By Chip Gerfen*
Heated words between the two Latino U.S. senators seeking the Republican nomination earlier this year may have been the first time national-level candidates cudgeled each other over their use of Spanish on the campaign trail. Current party frontrunner Donald Trump set the stage for it in June 2015, when he declared that Mexicans are “bringing drugs, they’re bringing crime, they’re rapists, and some, I assume, are good people.” In July, Trump promised a crowd in Phoenix that he would build a wall between the United States and Mexico – a trope and applause line that still stands front and center in his campaign. Seven months later, during one of Ted Cruz’s attacks on Marco Rubio – over the issue of undocumented immigrants – the Texas senator attacked Rubio’s use of Spanish, saying:
“Marco has a long record when it comes to amnesty. In the state of Florida, as speaker of the house, he supported in-state tuition for illegal immigrants. In addition to that, Marco went on Univision in Spanish [emphasis added] and said he would not rescind President Obama’s illegal executive amnesty on his first day in office.”
Several years earlier, in a Fox News interview during his 2012 Senate campaign, Cruz refused to debate in Spanish, explaining:
“Most Texans speak English. If we were in Mexico, if we were in Cuba, we’d do the debate in Spanish. Here in Texas, we should do it in English. [My opponent] wants to do a debate in a language where the vast majority of primary voters don’t understand it, because he doesn’t want them to hear about his record.”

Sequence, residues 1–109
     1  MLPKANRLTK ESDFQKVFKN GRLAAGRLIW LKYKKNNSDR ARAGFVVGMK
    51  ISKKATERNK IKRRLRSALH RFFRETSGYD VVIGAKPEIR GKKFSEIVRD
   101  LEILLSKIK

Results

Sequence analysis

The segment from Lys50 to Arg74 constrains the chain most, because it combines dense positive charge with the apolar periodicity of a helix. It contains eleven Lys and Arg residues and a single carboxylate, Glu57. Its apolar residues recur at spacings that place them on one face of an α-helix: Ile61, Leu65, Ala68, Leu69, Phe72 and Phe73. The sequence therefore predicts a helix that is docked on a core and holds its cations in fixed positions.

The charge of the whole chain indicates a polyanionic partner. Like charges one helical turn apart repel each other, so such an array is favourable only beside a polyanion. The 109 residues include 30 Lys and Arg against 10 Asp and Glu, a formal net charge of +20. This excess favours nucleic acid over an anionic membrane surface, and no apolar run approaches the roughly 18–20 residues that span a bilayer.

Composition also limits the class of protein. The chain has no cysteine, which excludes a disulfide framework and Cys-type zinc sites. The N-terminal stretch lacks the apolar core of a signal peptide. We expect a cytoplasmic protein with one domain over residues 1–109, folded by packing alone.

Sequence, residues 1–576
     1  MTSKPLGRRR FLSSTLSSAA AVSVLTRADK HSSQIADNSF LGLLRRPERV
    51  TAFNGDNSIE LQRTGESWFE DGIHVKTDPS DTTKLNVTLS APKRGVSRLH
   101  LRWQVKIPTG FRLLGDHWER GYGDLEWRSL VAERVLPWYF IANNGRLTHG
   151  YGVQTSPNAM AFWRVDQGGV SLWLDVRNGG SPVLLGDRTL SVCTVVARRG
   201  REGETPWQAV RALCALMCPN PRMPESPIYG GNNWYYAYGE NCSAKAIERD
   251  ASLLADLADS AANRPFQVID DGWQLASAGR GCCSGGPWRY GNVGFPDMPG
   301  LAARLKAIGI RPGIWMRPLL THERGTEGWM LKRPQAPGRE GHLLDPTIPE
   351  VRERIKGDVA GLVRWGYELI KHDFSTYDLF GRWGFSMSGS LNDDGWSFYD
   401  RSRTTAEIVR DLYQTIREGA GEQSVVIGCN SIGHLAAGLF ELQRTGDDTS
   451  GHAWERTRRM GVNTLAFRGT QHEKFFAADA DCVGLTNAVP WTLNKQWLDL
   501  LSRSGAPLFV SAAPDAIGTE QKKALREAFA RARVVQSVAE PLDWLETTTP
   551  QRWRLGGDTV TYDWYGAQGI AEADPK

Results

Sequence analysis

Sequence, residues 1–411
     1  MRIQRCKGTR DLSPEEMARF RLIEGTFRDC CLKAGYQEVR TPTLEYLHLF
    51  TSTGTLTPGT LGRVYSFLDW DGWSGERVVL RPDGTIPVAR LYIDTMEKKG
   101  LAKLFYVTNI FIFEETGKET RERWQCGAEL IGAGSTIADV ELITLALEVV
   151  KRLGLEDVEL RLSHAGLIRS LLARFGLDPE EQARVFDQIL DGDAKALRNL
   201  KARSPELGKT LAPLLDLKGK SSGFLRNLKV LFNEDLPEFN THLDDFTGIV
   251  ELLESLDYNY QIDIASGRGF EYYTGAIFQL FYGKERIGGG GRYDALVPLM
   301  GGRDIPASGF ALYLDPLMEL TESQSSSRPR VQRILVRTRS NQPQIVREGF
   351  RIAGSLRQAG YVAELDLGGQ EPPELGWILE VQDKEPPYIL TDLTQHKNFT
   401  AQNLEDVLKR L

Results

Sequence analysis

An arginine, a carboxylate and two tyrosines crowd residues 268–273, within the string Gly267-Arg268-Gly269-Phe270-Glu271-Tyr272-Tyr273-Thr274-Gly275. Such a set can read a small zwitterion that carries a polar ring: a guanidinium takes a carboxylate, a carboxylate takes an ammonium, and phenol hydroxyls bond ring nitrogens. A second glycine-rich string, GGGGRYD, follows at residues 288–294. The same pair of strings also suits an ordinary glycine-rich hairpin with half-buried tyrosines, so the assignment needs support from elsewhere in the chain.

Cruz’s attack on Rubio’s use of Spanish was a suggestion that he used the language to deceive non-Spanish speaking voters by saying one thing in Spanish and another in English. This use of what linguists refer to as implicature – suggesting something in speech (or in writing) without explicitly stating or even openly implying it – is something that we all produce and have to interpret every day. But Cruz makes a number of implicatures: that Spanish hides the truth from most voters; that the public political language for Texas is English and that Spanish should be used in other countries; and that he himself does not to fully embrace a Hispanic identity. He also said that his Spanish was “lousy.” In the February confrontation, Rubio turned the tables on Cruz by mocking his Spanish, asking “how [Cruz] knows what I said on Univision because he doesn’t speak [Spanish].” (Cruz responded in idiomatic Spanish – “ahora mismo díselo en español, si tú quieres” – that was much better than “lousy.”)
Such attacks are not entirely new. As the Dallas Morning News reported in February 2012, Cruz stated that the traditional “American dream” was being destroyed by “letting people use their native languages and grow dependent on government aid,” suggesting that non-English speakers are non-contributing members of the society. He also perpetuated the nonsensical but persistent myth that immigrants actively “refuse” to learn English. Rubio apparently believes, however, that speaking Spanish is an asset. Former Florida Governor Jeb Bush – from a white, patrician family – had no difficulty spinning his Spanish skills positively. But things are different for people surnamed Rubio or Cruz, for whom language use is a political decision. Whereas Cruz attacked Rubio according to an old playbook – one that conjures up suspicious behavior and a refusal to integrate – Rubio calculated that bilingualism and biculturalism can now be positives in national politics. With both Latinos out of the race, the baton has been passed back to Trump, who recently asserted that a U.S.-born “Mexican” judge named Gonzalo Curiel cannot fairly oversee a class action suit against him. Rubio’s portrayal of language as a political asset, however, may be the more accurate bellwether in the long run, even if his party’s candidate continues to embrace the old playbook.
June 10, 2016
* Chip Gerfen is Professor of Linguistics and Spanish and Department Chair, World Languages and Cultures, American University.